The transition from the valveless natural horn to the modern valved horn in 19th-century Paris was different from similar transitions in other countries. While valve technology was received happily by players of other members of the brass family, strong support for the natural horn, with its varied color palette and virtuoso performance traditions, slowed the reception and application of the valve to the horn.

Using primary sources including Conservatoire method books, accounts of performances and technological advances, and other evidence, this book tells the story of the transition from natural horn to valved horn at the Conservatoire, from 1792 to 1903, including close examination of horn teaching before the arrival of valved brass in Paris, the initial reception and application of this technology to the horn, the persistence of the natural horn, and the progression of acceptance, use, controversies, and eventual adoption of the valved instrument in the Parisian community and at the Conservatoire.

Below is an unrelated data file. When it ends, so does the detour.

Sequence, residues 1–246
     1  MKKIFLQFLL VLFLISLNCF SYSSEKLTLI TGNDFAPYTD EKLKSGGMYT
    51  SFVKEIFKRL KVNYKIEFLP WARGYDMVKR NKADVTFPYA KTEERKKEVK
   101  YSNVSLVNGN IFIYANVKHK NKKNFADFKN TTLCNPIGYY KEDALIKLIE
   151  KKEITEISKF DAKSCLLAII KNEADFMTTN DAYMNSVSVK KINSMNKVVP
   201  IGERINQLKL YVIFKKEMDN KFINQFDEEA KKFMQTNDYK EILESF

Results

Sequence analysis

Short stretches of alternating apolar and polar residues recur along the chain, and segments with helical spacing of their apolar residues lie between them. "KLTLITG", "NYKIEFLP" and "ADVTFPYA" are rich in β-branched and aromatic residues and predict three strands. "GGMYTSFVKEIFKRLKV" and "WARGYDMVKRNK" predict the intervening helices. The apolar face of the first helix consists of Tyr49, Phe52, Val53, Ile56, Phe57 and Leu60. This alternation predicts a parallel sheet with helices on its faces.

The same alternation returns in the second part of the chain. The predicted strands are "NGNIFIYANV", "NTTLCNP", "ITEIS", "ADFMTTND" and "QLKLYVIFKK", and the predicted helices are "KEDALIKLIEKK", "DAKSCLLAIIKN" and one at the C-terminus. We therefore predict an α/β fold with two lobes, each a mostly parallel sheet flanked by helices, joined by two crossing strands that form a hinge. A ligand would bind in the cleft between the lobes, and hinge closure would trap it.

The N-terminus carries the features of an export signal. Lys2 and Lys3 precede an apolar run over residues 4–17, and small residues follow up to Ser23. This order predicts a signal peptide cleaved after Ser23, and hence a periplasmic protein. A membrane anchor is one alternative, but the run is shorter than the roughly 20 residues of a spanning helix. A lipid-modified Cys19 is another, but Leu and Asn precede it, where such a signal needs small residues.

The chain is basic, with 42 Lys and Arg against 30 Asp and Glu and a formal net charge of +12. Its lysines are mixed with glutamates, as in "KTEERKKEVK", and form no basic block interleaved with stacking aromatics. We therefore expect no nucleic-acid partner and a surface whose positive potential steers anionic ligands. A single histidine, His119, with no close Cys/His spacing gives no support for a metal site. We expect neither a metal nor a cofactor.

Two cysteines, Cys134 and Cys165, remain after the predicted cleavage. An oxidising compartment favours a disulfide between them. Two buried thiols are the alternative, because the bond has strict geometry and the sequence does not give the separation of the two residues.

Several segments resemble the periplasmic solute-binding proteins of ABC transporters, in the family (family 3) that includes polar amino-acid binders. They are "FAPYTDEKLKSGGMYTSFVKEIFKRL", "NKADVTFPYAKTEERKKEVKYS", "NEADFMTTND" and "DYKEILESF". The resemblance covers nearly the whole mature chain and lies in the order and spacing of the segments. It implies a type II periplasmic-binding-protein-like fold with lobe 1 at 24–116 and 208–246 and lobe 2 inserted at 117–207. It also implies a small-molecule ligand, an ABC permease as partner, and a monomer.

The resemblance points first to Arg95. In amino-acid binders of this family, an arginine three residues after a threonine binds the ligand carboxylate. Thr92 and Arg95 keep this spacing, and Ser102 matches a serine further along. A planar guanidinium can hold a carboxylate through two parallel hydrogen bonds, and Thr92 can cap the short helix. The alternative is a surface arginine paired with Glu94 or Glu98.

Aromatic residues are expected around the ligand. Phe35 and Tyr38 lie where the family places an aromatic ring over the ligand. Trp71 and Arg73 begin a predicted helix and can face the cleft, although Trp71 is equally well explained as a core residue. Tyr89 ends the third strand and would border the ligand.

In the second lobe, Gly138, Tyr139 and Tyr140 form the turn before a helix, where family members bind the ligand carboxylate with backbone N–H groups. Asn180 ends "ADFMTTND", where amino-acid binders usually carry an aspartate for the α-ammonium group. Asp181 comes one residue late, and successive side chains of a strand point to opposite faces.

Active scholars, performers, and students interested in the horn, 19th-century brass instruments, teaching methods associated with the Conservatoire, and the intersection of technology and performing practice will find this book useful in its details and conclusions, including ramifications on historically-informed performance today.

chapter 1|10 pages


chapter 3|28 pages

Valved brass instruments in Paris

chapter 4|47 pages

Hand and valve

Joseph-Émile Meifred, Jacques-François Gallay, and horn teaching at the Conservatoire 1833–1864

chapter 5|20 pages

Other valved horn activity in Paris

Two valves or three?